Women Behind The Camera: a film made by women, for women

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EL PASO – The idea of getting slapped on the butt at work may make a woman’s jaw drop in 2011, but for beginning camerawomen in the 20th century this was an all too familiar event.

This story of a female camera engineer in Hollywood who experienced sexual harassment by former California governor Arnold Schwarzenegger before he entered politics is one of 50 cases documented by filmmaker Alexis Krasilovsky.

Krasilovsky traveled around the world to shoot the stories of women filmmakers in many countries for a documentary on women behind the camera. She suggests that film schools should teach women self-assertiveness to handle these situations in their future workplace.

Camerawomen of Video SEWA (Self-Employed Women's Association), videotaped by Tavishi Alagh and Alexis Krasilovsky for "Women Behind the Camera" in Ahmedabad, India, January 2004. (Courtesy of Women Behind the Camera)

Camerawomen of Video SEWA (Self-Employed Women's Association), videotaped by Tavishi Alagh and Alexis Krasilovsky for "Women Behind the Camera" in Ahmedabad, India, January 2004. (Courtesy of Women Behind the Camera)

Filmmaker Krasilovsky screened the documentary Women Behind the Camera recently at the University of Texas at El Paso. In the film, camerawomen from all over the world talk about their professional and personal lives and how they dealt with sexism in their chosen profession.

The term “camerawoman” is not a term many people in the film industry were familiar with in the past, and women who wanted to be part of the movie making process were not greeted with open arms, Krasilovsky said.

The number of camerawomen in the U.S. quadrupled from 1985 to 1997, but in the years that followed the number of camerawomen only grew by a disappointing one percent each year, she said.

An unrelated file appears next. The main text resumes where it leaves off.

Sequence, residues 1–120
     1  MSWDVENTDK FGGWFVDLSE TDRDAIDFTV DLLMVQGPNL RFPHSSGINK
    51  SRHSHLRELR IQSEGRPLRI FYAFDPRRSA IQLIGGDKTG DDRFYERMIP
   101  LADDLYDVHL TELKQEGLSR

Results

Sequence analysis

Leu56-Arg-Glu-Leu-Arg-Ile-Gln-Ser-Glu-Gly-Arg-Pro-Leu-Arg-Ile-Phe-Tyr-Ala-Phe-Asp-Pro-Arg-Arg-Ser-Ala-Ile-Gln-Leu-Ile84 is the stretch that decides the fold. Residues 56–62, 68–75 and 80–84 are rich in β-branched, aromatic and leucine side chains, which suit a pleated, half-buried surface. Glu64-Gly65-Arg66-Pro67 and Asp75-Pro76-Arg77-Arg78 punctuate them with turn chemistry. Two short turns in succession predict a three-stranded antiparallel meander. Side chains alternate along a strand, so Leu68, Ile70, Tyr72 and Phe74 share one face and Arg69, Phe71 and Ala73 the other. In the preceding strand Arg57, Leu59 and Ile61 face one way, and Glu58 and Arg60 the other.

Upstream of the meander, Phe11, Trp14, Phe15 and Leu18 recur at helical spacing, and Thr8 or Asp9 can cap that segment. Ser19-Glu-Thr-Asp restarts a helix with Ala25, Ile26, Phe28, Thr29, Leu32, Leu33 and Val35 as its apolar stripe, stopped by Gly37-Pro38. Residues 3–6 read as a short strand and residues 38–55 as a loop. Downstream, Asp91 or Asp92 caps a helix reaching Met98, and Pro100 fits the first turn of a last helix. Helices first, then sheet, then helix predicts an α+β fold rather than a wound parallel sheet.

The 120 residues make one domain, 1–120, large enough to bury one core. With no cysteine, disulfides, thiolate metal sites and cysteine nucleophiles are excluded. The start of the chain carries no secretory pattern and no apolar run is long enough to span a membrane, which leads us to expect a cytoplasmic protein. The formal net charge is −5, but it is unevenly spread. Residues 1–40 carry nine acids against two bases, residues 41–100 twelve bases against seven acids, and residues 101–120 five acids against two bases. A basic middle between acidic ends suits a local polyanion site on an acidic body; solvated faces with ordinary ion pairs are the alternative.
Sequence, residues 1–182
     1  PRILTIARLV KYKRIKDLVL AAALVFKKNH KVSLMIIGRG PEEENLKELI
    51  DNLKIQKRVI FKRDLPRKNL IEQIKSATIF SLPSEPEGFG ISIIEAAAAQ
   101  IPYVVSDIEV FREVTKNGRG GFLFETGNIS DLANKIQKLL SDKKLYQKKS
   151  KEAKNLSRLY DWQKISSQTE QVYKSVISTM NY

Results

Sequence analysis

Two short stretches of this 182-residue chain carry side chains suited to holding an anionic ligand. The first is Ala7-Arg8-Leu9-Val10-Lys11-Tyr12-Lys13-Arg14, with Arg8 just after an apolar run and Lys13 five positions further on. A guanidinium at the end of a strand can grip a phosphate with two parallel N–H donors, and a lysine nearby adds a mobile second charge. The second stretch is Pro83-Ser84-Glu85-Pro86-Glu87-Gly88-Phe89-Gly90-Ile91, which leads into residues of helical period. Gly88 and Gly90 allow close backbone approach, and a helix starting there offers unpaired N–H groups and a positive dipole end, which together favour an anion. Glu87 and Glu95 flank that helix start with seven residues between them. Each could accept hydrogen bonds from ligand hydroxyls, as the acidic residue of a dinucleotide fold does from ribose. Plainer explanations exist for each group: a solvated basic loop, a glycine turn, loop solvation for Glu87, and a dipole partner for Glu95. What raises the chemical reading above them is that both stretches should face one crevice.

“Guys are used to working with guys,” Krasilovky said in the packed Union Cinema. Krasilovky, currently a professor at California State University, Northridge, works in the Department of Cinema and Television Arts. She believes that to change this statistic more women need to be given the opportunity to show what they have to offer, which could be challenging since the “old boys” network still exists in the filmmaking industry.

UTEP student Adrian Gomez asked Krasilovsky about the opportunities for women wanting to break into the filmmaking industry. “We also need to encourage the development and production of films and television programs that show the points of view of women, of minorities, lesbian, gay, bisexual, and transgender people because that’s the world we live in. That, to me, is what responsibility is all about,” Krasilovsky answered.

Women Behind the Camera asks women where they got their start or inspiration to enter the field, about working mothers behind the camera, and what future they saw for camerawomen, directors, and producers.

Women in France and India do not experience as much resistance in their own industry as there is in Hollywood, according to Krasilovsky. French Filmmaker Caroline Champetier says in the documentary, “It’s a line of work that must be done with a passion and it’s a lifetime choice.”

Although there are still obstacles, Krasilovsky  said, “This is a wonderful time to get started because everything is digital. (Filmmaking) is doable more than ever before. It takes courage and the will to say ‘Yes, I can!’”

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